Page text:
We all know that teenagers can do some monumentally idiotic stuff, but now you can add “100-teen strong sexting rings” to your list of fears, somewhere between vodka soaked tampons and condom snorting. All facetiousness aside, sexting is actually something I simultaneously worry about and pretend my kid won’t ever do, because while it’s pretty unlikely that your teenager will become entwined in the dark world of smarties smoking, it’s estimated that about one in five teens will snap a picture of their naughty bits to share.
That’s pretty much exactly what happened in Louisa county, Virginia, where 100 teens were involved in a sexting ring that spanned five neighboring counties and uncovered over a thousand photos and videos of nude or semi-nude teenagers, most of them girls. Over 20 cellphones were seized, and an investigation is under way to determine how much of the sharing was consensual.
What’s different about this case is that rather than turning a bunch of idiot teens into sex offenders, the Louisa school district and sheriff’s office is attempting to educate them instead. The Louisa County Sheriff’s Office chief deputy Donald Lowe told the AP that,
“We said from the beginning that we’re not going to label everyone who participated in this a sex offender…it would be counterproductive to do that. There’s no reason to destroy people’s lives and careers over this.”
I have to admit that I have mixed feelings on this one. On the one hand, if I were brought up on criminal charges for all of the stupid–and yes, sometimes illegal–stuff that I did as a teenager, I would be massively screwed. So I’m okay with consensual sexters not being labelled sex offenders before their brains are developed enough to realize that dick pics are a dumb idea.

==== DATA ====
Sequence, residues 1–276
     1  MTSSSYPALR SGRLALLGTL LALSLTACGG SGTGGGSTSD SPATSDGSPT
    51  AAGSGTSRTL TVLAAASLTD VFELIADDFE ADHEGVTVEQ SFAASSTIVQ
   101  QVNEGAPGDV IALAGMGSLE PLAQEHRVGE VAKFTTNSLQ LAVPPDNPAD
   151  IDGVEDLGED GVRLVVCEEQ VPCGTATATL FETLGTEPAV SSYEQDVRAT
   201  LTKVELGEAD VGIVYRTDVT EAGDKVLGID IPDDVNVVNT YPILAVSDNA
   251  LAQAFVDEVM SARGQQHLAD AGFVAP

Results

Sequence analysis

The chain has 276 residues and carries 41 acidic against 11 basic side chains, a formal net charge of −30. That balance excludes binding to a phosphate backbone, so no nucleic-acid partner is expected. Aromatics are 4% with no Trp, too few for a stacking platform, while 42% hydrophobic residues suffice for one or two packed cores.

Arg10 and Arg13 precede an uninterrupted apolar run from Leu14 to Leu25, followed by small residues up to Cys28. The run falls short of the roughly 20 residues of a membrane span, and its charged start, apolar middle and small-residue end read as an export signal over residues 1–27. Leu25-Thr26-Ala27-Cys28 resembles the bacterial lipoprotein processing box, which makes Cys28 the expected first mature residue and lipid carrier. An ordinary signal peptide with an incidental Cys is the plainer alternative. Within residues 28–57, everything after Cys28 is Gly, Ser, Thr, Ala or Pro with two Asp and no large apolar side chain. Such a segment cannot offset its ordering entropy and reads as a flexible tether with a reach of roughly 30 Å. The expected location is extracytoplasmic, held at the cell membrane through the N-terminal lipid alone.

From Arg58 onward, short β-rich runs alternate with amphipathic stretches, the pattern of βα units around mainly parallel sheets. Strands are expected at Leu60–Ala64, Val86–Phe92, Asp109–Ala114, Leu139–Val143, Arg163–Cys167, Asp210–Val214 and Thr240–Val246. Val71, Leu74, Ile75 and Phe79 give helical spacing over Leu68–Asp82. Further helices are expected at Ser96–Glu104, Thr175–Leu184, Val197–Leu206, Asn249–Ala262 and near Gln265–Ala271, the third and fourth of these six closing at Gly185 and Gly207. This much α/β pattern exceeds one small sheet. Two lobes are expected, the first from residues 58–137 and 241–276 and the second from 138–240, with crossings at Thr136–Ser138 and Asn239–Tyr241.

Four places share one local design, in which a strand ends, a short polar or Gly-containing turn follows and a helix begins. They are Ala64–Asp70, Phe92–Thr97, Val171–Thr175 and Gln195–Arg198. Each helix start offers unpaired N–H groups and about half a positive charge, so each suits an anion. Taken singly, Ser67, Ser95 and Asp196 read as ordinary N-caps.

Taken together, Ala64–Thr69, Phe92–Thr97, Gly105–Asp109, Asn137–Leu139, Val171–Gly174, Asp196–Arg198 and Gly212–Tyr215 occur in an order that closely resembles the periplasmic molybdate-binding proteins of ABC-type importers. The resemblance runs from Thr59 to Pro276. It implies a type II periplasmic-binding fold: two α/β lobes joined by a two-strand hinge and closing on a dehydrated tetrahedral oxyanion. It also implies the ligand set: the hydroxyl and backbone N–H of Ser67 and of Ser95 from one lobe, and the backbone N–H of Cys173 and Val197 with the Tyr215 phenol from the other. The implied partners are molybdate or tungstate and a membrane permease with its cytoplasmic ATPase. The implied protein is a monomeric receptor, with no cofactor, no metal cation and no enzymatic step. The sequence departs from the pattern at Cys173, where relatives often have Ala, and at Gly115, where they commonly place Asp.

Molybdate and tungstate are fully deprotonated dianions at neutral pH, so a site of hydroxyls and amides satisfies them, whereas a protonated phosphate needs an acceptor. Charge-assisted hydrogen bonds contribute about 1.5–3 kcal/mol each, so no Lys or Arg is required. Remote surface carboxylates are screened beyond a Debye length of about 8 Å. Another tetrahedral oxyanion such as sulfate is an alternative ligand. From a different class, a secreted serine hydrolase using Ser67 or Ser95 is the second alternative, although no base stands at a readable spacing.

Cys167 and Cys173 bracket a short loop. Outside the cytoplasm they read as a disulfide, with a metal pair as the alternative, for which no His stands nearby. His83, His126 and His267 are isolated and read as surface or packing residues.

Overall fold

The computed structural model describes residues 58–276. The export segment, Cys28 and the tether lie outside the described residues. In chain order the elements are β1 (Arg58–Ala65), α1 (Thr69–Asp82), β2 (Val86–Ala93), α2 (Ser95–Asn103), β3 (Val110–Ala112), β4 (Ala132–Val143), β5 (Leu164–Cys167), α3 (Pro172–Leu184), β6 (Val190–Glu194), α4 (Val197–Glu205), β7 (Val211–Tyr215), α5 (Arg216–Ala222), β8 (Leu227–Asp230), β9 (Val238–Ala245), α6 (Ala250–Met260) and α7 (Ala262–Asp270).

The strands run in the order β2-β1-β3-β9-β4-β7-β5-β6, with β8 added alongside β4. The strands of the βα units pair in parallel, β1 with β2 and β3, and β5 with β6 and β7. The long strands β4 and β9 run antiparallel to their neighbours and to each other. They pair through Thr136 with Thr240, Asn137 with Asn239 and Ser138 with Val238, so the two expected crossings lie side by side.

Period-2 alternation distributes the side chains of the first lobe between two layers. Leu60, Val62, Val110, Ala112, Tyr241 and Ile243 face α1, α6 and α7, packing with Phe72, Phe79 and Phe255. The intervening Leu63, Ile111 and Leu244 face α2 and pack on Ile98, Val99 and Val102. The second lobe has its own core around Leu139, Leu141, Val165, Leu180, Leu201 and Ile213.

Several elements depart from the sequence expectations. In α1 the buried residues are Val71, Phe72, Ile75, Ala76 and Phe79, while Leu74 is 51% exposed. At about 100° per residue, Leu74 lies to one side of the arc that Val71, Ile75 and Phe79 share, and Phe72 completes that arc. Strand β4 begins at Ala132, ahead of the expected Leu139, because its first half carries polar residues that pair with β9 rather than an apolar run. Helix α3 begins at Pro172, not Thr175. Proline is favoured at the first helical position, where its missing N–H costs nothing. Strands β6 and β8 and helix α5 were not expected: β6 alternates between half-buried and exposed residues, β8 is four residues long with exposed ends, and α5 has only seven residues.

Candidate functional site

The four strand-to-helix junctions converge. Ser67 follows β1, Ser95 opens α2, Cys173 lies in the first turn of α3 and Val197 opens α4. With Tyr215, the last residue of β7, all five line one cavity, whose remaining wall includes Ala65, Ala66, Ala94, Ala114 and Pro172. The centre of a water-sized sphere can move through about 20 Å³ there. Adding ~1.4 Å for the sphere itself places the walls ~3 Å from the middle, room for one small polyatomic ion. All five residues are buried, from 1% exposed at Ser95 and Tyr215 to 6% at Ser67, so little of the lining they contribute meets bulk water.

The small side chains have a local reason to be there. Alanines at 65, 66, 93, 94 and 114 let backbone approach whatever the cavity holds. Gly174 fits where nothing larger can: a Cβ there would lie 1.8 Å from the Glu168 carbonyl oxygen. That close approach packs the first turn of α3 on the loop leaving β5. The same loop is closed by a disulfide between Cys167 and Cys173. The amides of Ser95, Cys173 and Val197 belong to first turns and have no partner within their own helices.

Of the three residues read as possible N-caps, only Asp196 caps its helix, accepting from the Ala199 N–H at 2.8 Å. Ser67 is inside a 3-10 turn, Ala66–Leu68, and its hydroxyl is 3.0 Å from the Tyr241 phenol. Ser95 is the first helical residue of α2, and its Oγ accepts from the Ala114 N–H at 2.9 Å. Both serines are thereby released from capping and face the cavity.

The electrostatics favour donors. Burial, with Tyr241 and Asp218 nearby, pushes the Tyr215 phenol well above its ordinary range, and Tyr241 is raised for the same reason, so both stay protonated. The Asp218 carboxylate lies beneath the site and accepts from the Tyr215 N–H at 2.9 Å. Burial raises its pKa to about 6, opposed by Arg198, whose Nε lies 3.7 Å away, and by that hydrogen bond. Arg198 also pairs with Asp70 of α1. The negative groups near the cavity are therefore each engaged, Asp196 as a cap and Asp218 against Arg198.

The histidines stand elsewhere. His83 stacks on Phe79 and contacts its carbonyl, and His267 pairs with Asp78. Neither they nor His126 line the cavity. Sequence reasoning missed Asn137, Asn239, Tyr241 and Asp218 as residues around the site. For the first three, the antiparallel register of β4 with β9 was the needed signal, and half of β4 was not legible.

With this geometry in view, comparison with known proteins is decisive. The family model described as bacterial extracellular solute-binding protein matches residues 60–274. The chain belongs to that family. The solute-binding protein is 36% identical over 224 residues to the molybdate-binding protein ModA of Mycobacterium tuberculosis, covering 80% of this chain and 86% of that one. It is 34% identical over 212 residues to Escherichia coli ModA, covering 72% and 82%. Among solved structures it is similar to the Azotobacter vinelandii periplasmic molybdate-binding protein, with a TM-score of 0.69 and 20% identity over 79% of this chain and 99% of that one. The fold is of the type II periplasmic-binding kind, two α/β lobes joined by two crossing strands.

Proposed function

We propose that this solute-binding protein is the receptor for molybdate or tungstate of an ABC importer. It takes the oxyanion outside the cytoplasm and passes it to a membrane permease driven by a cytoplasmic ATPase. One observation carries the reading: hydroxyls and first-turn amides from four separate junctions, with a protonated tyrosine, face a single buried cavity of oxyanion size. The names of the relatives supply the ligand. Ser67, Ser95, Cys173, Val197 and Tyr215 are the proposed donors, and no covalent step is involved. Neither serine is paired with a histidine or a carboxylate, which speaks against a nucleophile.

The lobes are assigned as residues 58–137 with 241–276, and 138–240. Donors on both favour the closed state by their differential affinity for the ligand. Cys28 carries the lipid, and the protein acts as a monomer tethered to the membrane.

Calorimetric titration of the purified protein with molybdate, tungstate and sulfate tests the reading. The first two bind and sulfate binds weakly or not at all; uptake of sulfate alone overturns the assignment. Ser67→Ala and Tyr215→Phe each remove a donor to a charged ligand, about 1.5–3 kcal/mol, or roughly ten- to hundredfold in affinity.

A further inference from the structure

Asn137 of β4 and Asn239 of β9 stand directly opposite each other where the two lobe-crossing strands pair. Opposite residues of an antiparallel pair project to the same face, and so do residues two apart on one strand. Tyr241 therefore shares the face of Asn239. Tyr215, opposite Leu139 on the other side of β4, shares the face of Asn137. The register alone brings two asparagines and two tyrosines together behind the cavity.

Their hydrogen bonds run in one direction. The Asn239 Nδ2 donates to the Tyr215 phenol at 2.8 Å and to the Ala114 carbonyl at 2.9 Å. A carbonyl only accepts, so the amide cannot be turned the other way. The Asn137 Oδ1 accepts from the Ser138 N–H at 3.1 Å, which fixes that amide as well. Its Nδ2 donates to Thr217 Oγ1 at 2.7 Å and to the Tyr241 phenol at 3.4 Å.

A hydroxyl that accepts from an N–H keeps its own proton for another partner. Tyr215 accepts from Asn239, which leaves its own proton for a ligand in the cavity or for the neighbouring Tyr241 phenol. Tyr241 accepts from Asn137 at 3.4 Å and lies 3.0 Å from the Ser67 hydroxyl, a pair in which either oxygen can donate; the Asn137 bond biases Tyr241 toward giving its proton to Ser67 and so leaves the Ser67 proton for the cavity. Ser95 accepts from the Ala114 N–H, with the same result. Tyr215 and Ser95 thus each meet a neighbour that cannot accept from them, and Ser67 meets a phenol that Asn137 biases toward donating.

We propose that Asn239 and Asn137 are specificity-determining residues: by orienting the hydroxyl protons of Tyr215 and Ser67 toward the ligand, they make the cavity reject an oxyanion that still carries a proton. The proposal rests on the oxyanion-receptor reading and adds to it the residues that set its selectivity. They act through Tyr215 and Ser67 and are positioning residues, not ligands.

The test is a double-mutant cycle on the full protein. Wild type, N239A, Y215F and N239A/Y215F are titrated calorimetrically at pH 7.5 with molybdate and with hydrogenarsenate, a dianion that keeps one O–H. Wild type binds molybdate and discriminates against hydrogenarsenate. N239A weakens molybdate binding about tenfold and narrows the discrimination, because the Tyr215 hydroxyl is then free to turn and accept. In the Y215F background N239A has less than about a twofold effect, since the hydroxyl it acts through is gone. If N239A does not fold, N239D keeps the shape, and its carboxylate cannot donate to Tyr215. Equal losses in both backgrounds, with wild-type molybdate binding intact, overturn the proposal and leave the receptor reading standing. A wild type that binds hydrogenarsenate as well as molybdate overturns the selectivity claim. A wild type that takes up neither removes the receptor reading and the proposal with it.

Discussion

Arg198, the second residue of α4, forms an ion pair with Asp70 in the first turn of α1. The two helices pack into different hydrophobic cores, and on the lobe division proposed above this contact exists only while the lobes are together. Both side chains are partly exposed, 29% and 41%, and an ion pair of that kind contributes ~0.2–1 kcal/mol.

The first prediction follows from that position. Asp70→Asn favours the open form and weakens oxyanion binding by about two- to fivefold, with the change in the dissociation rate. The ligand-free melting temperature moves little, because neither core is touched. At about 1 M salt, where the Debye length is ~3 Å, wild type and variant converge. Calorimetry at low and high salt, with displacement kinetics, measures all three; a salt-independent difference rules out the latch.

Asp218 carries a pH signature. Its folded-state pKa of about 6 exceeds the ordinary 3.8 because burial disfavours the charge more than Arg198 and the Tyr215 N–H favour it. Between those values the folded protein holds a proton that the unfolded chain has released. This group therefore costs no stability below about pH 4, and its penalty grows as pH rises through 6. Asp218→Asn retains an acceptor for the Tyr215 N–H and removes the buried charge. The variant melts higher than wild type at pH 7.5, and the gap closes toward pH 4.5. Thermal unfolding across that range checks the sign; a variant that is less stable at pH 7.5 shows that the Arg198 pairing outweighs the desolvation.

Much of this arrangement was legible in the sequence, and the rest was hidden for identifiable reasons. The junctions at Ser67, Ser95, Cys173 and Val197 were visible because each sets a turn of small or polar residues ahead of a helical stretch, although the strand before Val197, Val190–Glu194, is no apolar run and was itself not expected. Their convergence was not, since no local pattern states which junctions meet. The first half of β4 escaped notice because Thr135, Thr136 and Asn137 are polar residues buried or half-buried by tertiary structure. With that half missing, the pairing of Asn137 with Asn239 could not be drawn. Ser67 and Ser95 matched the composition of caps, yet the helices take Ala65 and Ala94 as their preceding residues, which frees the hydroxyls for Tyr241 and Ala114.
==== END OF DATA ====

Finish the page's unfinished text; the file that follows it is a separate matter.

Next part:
On the other hand, a lot of sexting spreads non-consensually, with some hormone-addled girl sending her hormone-addled boyfriend a nudie, which he then shares with a bunch of his hormone-addled friends. But instead of focusing on the whole, “Hey, maybe don’t spread around private pictures because that’s four kinds of messed up”, they’re focusing on the girls, reminding them to not take pictures in the first place, because if you do you’re basically saying you don’t mind if everyone sees them.
I get that. I plan on buying my daughter one of those cellphones you can purchase from the back of Parade magazine, so natch I don’t have to worry about her texting racy pics to anyone, but just in case, I’ll probably tell her how not worth it it is to send cleavage shots to some rando from homeroom.
But considering that Virginia criminalized revenge porn in February, and that non-consensual sharers can be prosecuted, doesn’t it make sense to drive that home, too? I guess I’m just saying that if I caught my daughter participating in some prolific Roman-style orgiastic sexting ring, there would be serious consequences. I would want to know that if some skeever shared her pics around without her permission, he would face them too.